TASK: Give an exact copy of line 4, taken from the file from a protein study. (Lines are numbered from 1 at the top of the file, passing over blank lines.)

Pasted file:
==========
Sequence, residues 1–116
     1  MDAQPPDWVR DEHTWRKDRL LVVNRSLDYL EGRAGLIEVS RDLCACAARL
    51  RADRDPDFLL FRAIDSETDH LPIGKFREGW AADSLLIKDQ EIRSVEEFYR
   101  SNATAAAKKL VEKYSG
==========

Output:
   101  SNATAAAKKL VEKYSG